William Marshall, Benswic, 2473 Frederick Douglass Blvd., first fl.; benswic.com
Instead of encouraging unrealistic goals or “beach body in 30 days” types of quick fixes, Benswic owner William Marshall zeroes in on clients’ individual strengths and weaknesses in four key areas of fitness: strength, cardio, balance, and core. “William’s goal is for you to have a working body into old age, for you to be an athlete your entire life,” says human-rights activist Idalin Bobé, who says she feels stronger and more flexible after a year of working out with Marshall. In addition to private ($80) and small-group ($65) training sessions for adults, Benswic offers youth programs, including track and soccer summer camps and after-school athletic-training classes. And his business is truly family-run, with Marshall’s wife, Shavon, teaching dance classes and the couple’s oldest daughter, Bryana, working as a trainer and management assistant.
Jyll Hubbard-Salk, Urban Asanas, 843 Sterling Pl., Crown Heights; urbanasanas.com
Jyll Hubbard-Salk taught yoga for over a decade before opening her own Crown Heights studio, Urban Asanas. Her intention was to make the practice accessible to people of all races, sexualities, and body types — filling a gap she noticed in the often exclusionary yoga scene. And she has succeeded, according to her client of two years stylist Rachael Wang, who says Hubbard-Salk has “created a uniquely inclusive and body-positive space that feels welcome to all.” Each 75-minute class ($12 each or $150 for an unlimited monthly membership) at Urban Asanas starts with meditation, active stretching, and warming up the hands, wrists, and feet before transitioning into a hatha- or vinyasa-flow series. The studio also holds two weekly community classes that are donation based. Wang says, “I am the strongest and most flexible I have ever been, and the meditation and breathwork she teaches has given me tools to manage my stress.” While classes have moved online during the pandemic, “Jyll is amazingly attentive,” according to Wang, “and somehow the transition to virtual training has not limited her teaching in any way.”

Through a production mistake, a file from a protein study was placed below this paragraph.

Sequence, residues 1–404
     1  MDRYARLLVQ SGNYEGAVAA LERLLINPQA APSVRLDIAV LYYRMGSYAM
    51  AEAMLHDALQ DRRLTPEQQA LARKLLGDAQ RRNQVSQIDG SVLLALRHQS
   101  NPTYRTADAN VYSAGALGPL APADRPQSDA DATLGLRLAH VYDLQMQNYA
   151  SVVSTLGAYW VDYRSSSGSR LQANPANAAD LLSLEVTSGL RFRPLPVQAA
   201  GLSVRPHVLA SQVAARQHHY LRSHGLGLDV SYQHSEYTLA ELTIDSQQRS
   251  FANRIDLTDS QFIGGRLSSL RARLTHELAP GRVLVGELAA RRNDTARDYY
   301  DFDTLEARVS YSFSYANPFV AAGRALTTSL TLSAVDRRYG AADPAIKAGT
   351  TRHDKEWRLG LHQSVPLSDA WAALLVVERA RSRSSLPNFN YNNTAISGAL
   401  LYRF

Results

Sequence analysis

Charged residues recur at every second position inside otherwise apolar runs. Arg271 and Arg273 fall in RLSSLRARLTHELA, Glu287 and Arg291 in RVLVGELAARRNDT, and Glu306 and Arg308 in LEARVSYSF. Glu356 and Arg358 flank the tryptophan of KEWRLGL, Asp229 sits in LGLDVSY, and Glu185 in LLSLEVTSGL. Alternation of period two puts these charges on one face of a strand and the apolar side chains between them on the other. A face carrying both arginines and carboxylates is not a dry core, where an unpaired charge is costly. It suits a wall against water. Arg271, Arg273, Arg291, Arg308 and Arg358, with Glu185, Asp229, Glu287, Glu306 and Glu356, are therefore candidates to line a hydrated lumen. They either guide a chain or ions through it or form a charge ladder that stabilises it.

Neelu Shruti, Love Child Yoga, 1 Horatio St.; lovechildyoga.com